Brazil Outlines Poultry Health Standards to Indian Meat Exporters

INDIA - Poultry meat exporting companies have been updated over the sanitary standards set for imports to Brazil.
calendar icon 8 July 2014
clock icon 3 minute read

The Agricultural and Processed Food Products Export Development Authority (APEDA) has issued a notice to exporters of poultry meat about strict sanitary standards laid down by the government of Brazil, reports FNB News of India.

The Brazilian ministry of agriculture, livestock and food supply (MAPA) has urged the Indian government to ensure that the poultry meat and offal products exported by the latter to the former adhere to the rules.

The products should have a health certificate, issued by an approved veterinarian in India. Brazil is concerned about infectious diseases and source-made contamination, which could lead to serious health issues.

An APEDA official said: “Brazil is India’s competitor in the international poultry market. Any changes in the rules could directly affect the global market. As India is an important player in the market, exporters should be aware of the changes and act accordingly.

“Brazil has taken some key decisions by raising the quality bar of poultry products,” he added.

The authority’s notification said: “The government of Brazil has announced sanitary requirements for the imports of poultry meat and poultry meat and offal products.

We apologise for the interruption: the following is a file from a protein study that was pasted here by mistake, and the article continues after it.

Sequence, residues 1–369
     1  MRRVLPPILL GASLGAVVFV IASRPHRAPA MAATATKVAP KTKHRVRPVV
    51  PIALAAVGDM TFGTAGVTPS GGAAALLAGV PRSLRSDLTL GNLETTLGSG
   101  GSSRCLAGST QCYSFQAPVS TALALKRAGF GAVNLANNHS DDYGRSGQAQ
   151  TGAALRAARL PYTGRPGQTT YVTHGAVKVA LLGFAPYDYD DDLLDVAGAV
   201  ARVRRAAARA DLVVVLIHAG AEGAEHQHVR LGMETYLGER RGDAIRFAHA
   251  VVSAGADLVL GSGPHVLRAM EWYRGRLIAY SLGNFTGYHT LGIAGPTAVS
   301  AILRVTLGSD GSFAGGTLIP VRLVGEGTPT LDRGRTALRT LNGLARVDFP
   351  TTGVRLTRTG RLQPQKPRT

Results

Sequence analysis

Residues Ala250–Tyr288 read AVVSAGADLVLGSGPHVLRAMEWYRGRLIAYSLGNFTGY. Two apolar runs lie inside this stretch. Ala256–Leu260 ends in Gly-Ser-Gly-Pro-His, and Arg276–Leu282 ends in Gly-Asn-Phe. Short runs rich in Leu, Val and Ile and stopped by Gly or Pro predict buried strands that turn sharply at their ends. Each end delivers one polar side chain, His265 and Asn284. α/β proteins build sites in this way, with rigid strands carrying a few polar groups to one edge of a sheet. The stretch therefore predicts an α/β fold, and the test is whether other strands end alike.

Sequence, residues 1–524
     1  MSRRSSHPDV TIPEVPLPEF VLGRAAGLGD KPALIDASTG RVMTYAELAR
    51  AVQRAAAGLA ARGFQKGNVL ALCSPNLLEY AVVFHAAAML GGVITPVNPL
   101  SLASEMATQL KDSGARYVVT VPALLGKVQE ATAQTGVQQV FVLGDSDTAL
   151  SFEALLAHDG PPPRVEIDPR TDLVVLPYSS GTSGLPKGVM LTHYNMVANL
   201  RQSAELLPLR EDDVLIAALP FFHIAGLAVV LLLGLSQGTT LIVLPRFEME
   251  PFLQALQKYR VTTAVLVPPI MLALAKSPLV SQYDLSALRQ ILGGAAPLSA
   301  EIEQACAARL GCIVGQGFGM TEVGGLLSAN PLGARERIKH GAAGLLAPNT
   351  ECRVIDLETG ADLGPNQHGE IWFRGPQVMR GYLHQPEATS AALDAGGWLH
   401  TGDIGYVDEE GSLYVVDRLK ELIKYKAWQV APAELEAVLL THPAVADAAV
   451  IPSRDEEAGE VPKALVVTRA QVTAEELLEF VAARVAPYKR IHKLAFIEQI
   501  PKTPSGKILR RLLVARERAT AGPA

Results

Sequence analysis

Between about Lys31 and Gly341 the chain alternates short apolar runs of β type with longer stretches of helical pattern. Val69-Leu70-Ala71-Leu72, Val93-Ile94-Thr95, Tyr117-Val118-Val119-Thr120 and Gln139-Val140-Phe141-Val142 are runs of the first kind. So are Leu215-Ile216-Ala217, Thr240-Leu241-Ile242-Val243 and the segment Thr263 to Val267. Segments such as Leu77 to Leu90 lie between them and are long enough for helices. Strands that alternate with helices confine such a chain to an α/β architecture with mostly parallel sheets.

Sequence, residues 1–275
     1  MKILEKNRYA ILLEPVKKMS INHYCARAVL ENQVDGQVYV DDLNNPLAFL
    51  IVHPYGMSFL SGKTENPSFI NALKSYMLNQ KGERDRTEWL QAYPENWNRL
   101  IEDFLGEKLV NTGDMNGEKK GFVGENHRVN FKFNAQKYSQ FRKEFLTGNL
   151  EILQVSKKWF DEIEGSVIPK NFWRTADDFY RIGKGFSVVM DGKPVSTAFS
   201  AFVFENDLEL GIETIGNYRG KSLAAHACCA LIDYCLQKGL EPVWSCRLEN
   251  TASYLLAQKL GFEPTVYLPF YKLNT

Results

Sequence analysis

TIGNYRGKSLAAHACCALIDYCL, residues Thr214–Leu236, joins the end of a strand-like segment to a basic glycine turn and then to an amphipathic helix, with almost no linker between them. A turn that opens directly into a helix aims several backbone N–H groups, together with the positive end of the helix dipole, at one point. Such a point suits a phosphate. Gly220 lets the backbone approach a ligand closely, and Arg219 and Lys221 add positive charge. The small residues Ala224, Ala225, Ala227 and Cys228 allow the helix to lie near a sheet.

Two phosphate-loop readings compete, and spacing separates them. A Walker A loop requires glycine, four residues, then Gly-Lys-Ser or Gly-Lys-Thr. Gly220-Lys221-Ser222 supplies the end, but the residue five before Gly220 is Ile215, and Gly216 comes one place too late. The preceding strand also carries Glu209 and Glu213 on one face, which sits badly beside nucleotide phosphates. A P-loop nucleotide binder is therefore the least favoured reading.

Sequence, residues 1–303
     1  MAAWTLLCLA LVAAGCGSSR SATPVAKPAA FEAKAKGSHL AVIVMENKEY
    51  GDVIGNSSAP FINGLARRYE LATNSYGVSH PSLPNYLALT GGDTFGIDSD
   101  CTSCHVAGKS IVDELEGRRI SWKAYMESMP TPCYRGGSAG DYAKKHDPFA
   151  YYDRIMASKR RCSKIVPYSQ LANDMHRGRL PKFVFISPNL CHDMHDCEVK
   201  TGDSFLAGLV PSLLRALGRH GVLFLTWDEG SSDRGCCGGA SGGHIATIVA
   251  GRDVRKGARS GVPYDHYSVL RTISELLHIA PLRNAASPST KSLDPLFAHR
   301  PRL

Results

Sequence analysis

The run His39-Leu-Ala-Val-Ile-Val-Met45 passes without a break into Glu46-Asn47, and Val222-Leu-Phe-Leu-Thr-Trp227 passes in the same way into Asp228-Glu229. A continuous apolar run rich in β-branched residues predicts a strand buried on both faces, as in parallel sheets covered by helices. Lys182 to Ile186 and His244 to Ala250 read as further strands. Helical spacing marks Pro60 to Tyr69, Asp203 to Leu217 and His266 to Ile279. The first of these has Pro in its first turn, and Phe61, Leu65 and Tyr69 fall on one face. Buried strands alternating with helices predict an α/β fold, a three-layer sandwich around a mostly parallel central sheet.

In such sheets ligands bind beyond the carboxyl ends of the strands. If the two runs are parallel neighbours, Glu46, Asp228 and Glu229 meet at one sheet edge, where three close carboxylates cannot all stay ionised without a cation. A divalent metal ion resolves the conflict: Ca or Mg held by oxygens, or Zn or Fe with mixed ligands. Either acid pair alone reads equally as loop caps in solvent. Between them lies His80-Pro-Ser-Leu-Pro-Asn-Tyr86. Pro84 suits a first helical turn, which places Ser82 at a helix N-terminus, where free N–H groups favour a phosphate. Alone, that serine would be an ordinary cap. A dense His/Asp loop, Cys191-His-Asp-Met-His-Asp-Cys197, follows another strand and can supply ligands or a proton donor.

“These products can be imported by Brazil only if the consignments are accompanied by a health certificate, endorsed by an approved veterinarian from the Official Veterinary Service in the exporting nation.”

According to FNB News, the letter from the Brazilian government stated: “Stayed in a country, zone or compartment free from notifiable avian influenza and from Newcastle disease, as defined in the Terrestrial Animal Health Code of OIE and recognised by MAPA, since birth or for at least the last 21 days before slaughter and were slaughtered in an approved establishment in a country, zone or compartment free from notifiable avian influenza and Newcastle disease; underwent inspections ante- and post-mortem by the Official Veterinary Service, and were free of any suggestive sign of disease.”

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